When Crawford Lansing walked from the terminal toward the hulking aircraft before him, he had no idea it would be the last time his feet touched the ground.
Dressed in his U.S. navy whites, Lansing boarded the Excalibur — a four-engine flying boat on the cutting edge of aviation in 1942. The plane taxied through gentle waves in the last hour of autumn daylight as the passengers settled in for what was supposed to be a short flight.
Water splashed on the windows, obscuring the view of Botwood Harbour as the plane launched forward at full speed. Seconds later, the short flight came to a sudden end, and 11 people were dead in the water.
In the wake of the Excalibur disaster, there was a heroic rescue effort, rumours of sabotage, a marine board investigation, and 80 years of silence for Crawford Lansing’s family.
This is a story about a plane crash, an enduring grief and how one family’s search for answers brought them from Lower Manhattan to the depths of a harbour in rural Newfoundland.
Botwood, N.L., is a mural town. Many of the old buildings in town are splashed with artwork, painting pictures of their history.
It used to be a shipbuilding town. Then a forestry town. A port town. A military town. Each iteration of Botwood brought new hope — and then fresh disappointment when work dried up and people left.
But for a brief period in the late 1930s, Botwood was the doorstep to the world — home to the first transatlantic passenger flights. It saw some of the wealthiest and most influential figures pass through en route to New York and London, travelling in style along the way.
All that changed in 1939 with the outbreak of the Second World War. Those ritzy flying boats were transitioned into personnel carriers. The suits and gowns turned into uniforms. Intriguing figures continued to pour into town, but they were soldiers instead of socialites.
Gerrity and Sims Lansing got the history lesson over omelets at a gas station restaurant on a rainy morning in late August. The brothers — both big players in Lower Manhattan’s financial sector — had pulled tables and chairs together to make space for a team of underwater explorers, a cameraman and me.
Their goal wasn’t thrill-seeking, they told us. It was about closing an old wound. They wanted to dive to the bottom of Botwood Harbour to find whatever was left of the crash that killed their grandfather.
The mission started 13 years ago, with a death in the family.
“After our father died, we were always trying to find different pieces of connection to him,” Gerrity said.
WATCH | Go underwater with the Lansing brothers and see what they found in Botwood Harbour:
“I hardly remember talking to our father about his father,” Sims continued. “Our father was only six months old when his father was killed. I think it was a very sad subject for him.”
“He probably met his father once and that was it,” Gerrity said. “We know very little about our grandfather because it was never really discussed at home. It was such a sad issue in our family. Our grandmother remarried a couple years after our grandfather passed away and that was sort of it.”
Imagine their surprise when they discovered an entire town dying to talk about it.
Disaster strikes and a hero emerges
The citizens of Botwood would stop what they were doing to watch the flying boats come and go. It was a sight so foreign in small-town Newfoundland that it never became any less novel in the six years the airport was in operation.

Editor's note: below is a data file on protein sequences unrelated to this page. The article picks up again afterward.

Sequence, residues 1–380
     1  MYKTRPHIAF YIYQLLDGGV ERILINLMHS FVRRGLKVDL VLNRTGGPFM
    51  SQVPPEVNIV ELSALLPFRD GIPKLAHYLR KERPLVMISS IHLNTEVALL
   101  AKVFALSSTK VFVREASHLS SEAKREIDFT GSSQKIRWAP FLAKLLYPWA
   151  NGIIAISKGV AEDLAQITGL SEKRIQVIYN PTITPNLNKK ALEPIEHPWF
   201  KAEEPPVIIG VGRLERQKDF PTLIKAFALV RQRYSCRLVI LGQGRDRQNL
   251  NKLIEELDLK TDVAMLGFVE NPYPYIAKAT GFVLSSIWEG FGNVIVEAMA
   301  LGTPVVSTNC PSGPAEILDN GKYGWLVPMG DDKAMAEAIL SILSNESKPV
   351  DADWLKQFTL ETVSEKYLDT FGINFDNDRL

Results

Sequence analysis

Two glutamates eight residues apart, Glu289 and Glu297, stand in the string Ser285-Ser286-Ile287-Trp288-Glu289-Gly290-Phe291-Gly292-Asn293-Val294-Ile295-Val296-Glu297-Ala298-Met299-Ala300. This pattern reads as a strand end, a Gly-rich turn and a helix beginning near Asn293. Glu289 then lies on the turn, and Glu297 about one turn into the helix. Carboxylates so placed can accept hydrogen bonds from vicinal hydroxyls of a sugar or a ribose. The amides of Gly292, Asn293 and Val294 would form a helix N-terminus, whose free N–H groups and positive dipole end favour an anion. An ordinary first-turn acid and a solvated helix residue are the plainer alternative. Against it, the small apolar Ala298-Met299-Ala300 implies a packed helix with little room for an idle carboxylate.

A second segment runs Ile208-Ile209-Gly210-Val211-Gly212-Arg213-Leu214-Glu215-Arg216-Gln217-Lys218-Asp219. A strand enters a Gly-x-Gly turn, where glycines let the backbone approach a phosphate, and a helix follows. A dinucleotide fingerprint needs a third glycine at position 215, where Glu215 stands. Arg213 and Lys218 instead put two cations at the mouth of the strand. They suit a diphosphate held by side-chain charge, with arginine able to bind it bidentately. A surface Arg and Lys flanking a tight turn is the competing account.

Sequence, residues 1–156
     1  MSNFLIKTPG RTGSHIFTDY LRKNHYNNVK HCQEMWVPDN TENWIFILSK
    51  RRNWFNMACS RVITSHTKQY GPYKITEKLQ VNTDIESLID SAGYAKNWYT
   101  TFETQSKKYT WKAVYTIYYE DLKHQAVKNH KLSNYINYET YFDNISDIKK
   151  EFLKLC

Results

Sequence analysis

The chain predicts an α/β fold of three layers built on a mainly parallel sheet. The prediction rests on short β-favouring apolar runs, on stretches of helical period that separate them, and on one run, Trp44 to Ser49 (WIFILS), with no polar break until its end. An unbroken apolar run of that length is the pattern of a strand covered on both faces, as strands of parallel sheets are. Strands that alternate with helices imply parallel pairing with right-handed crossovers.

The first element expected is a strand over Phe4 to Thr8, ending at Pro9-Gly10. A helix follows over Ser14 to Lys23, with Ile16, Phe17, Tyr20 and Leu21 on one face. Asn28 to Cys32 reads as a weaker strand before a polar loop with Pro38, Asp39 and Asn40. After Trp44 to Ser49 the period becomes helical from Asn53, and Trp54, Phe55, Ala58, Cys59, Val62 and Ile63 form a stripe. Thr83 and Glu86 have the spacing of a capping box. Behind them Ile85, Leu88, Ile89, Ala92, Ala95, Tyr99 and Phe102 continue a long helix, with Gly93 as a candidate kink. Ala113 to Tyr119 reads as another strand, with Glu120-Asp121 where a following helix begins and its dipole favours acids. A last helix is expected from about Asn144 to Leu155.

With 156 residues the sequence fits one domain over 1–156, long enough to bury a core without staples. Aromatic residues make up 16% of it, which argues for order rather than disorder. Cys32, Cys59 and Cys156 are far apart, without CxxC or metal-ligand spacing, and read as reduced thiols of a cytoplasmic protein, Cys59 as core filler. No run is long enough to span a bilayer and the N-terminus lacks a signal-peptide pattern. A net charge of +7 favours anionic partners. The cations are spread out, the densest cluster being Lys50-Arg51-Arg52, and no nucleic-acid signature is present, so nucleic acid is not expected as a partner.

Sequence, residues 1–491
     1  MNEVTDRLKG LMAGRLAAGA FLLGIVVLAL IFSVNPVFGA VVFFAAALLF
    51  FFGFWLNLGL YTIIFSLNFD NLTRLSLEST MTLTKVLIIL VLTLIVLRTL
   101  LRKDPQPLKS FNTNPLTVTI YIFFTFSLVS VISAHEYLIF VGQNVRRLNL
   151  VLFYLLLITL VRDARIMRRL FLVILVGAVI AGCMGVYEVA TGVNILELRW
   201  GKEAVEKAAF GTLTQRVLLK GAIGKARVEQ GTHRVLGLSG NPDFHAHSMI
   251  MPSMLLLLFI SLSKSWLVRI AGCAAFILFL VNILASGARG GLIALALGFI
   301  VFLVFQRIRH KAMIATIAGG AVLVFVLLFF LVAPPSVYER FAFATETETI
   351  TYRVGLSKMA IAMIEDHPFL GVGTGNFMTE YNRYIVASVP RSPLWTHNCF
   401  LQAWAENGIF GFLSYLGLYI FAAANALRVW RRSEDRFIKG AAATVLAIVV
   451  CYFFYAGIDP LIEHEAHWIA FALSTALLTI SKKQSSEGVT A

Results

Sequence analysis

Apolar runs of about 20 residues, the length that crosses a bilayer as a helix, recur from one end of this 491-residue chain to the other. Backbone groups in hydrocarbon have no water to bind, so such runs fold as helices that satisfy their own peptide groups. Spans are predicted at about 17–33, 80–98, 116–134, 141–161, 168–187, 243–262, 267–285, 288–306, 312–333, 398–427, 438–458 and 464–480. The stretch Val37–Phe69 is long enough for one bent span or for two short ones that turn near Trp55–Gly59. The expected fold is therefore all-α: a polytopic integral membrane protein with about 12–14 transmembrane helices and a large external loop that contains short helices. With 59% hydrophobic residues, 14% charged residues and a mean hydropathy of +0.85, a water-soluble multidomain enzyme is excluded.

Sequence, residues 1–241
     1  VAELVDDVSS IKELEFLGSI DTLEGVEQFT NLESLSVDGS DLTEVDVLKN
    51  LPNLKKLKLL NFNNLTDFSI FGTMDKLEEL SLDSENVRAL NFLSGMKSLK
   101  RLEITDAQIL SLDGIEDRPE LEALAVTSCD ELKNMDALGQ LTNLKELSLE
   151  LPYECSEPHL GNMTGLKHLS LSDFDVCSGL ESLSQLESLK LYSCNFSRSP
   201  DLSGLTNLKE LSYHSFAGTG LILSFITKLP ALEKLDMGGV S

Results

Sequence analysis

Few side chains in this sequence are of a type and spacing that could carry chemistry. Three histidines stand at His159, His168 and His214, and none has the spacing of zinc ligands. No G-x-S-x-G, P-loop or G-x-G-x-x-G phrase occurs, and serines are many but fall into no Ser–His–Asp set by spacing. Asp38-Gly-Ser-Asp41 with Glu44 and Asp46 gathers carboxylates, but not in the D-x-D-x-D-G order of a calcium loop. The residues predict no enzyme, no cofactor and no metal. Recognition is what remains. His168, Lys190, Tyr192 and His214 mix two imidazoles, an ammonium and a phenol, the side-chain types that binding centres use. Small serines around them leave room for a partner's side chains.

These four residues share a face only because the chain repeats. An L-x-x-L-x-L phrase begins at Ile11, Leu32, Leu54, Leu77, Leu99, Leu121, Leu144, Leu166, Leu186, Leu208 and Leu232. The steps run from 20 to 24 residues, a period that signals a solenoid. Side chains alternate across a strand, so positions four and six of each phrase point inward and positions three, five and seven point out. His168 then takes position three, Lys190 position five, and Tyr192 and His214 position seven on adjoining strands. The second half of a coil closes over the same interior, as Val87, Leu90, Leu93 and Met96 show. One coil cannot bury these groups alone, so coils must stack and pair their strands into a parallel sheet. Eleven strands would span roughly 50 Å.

It was no different on Oct. 3, 1942. People watched with fascination, then horror, as the Excalibur lifted into the air several times only to come back down and slam into the water. On the last lurch, the plane lifted up 30 feet and came down hard, crushing its hull against the water on impact.
The screams of passengers and crew could be heard all over town.
Crash boats were on scene within minutes, with their men pulling people from the water as fast as they could.
In the midst of the chaos, a diminutive flight attendant named Adele Jenkins switched into hero mode. After getting all the uninjured passengers out of the plane, Jenkins would dive back into the fuselage five times to rescue people who were stuck and drowning in the frigid water.
On the sixth attempt, Jenkins grabbed the hand of her fellow flight attendant and tried to pull him free of the plane. Despite struggling against the underwater currents, Jenkins let go only when she felt the life go out of his hand. She then spent the night in the local cottage hospital, tending to the people she’d saved.
A recovery mission was launched in the days that followed. The first attempt to raise the plane was a disaster. Steel cables cut through the fuselage and sliced the plane into three pieces, with one piece drifting off in a strong subsea current. Divers from the Royal Canadian Navy were then tasked with recovering sensitive documents in the cargo hold, while being overseen by the FBI at all times.
The second attempt to raise the plane also ended prematurely when the nose of the plane slipped free and floated away with the tide. It was never found.
Seven bodies were recovered, including that of Crawford Lansing. Four were lost forever.
An investigation would later determine the most likely cause was pilot error — the flaps were in the wrong position on takeoff. The mundane explanation did little to quell conspiracy theories in a small town where rumours of German U-boats, spies and sabotage have carried on for decades, despite little or no evidence to back them up.
The Botwood Flying Boat Museum is filled with artifacts from a period so short-lived it seemed like a fever dream. By the time the war was finished, aviation had progressed to a point where flying boats were no longer necessary. The base was decommissioned and the planes stopped coming.
At the centre of the museum is the piece that cements the reality of the flying boat era — one of the four propellers from Excalibur. It was positioned to loom over the museum, one of the curators explained, as a constant reminder of the 11 lives lost on board that morning in 1942.